Now I didn't set about making the piece for LA MOCA to manifest this story but the story was in me and I think it was fueling a lot of what I did there, even though [the piece] was about racial hatred and about building peace in a city. It was about fire being the result of hatred, but of fire actually being the agent that could bring crushed glass back to wholeness. So on the one hand you had these mounds of glass, shattered glass, and individuals participating in completing the work in what I called unburnings. Over the period of this exhibition I got almost 2000 of these, made by people all over LA. And I said to myself you're really working out this story. Now I'm actually dealing with creation, and here's the story back again, not showing up halfway through the piece, but now let's actually deal with it. This story absolutely wipes me out, I love this story.
NS: So this collecting of the broken vessels, is that what tikkun olam is?
MU: Yes, tikkun means to heal, to mend, or to repair, and olam means the world. To repair the world, the whole entire world. We have that power; we can do that, and I believe that. I believe we can destroy it and maybe we are doing that, but we also have the power, like the original Creator, to heal. And to make whole. So what am I doing with this piece? I tell this story, that's on a six-foot high panel in the space--
NS: With text?
MU: Yes, where you come in. I'm only focusing on Day One, which is the creation of Light, and Day Six, the creation of humans in the image of the Divine. From the very beginning of creation look how humans are described, you can't get a better job description than that. And I think that is the gift of Genesis from the very beginning, that you have the power to heal and you are sacred, as sacred as the Divine, and like the Divine, you all have power.
NS: This isn't a message that you hear too much either. You don't hear about how we are empowered to fix things but you're hearing more about how we messed up.
MU: We screw up. I'm really happy you said that because I feel so strongly that you have to say to people, you have the power to choose, you have the freedom. Nobody gives that to you--you come that way. I think the message many people get (and I think a lot of people grow up like that), is "You have really screwed up, you screwed up the whole world." And what that does is it shuts people down. It makes them feel paralyzed.
NS: And it doesn't provide them with the empowerment to feel that they can fix what's gone wrong.
MU: Right. That's not saying that everything is great, but that if you want to talk about Genesis, from the very minute that the Bible opens up its mouth, the message is "You are like the Divine, and this is a beautiful world." It kills me that the text says at the end of the sixth day, God looks around and sees what God made and says, "This is very good." You don't hear that either, that the world is very good, we have a beautiful, beautiful world. Now the light that's created on Day One is not the sun and the moon, those are created on Day Four so what is this light?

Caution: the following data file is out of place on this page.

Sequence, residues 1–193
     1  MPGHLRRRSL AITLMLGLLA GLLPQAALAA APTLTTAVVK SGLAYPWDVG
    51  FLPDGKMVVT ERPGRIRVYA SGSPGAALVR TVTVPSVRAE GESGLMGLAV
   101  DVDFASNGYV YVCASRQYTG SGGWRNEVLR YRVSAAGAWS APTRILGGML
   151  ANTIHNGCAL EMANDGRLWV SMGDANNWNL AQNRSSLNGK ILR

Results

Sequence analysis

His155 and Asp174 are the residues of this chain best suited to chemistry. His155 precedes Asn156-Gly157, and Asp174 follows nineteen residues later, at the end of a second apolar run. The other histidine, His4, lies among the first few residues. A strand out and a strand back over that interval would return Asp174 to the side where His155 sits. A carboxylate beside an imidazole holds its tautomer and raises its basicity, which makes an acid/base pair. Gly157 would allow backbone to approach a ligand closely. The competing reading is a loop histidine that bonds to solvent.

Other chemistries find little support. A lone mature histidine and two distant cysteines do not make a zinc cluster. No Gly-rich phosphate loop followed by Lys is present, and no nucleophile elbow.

NS: I've always wondered that myself...
MU: People write about it as the "supernal" light.
NS: It sounds like "eternal" and "super" put together.
MU: (laughs) Maybe. So I think it means it's the original light of the Divine, of this drama where that fiery light breaks out. In Kabbalistic writings they talk about it alot. That the light is in the darkness, that the light is taken out of this sort of chaos of the darkness. And that is the original light of creation, the light that is in each piece that we have to repair. And each of the morsels on the ground stand for every human being that ever lived. That light is in you, that divine light. So that's what I'm setting up from the beginning.
You come in and you see the story which is a pretty spare story, but it's this very dramatic story of birth. And next to it is a letter that I am writing to the person who enters into this space, "Dear person, dear visitor." I've done that for many years where I directly address the audience. Now I have these lines of individual hand mirrors, 189 of them that are suspended from 17 feet on these chains. I invite people, "Look at yourself, find yourself in the mirror, Who do you see? You are sacred. And you have the power of the Divine and like the Eternal Creator you are a creator." Now that's my position as an artist which gets me into a lot of trouble... There are many artists who welcome people into the work as creators and a lot of art historians and museum curators really hate that. They think that people who have the idea that everyone is a creator weaken art. If every Joe Schmoe Schmegeggi can make art....
NS: We lose that modernist idea of the "genius at work."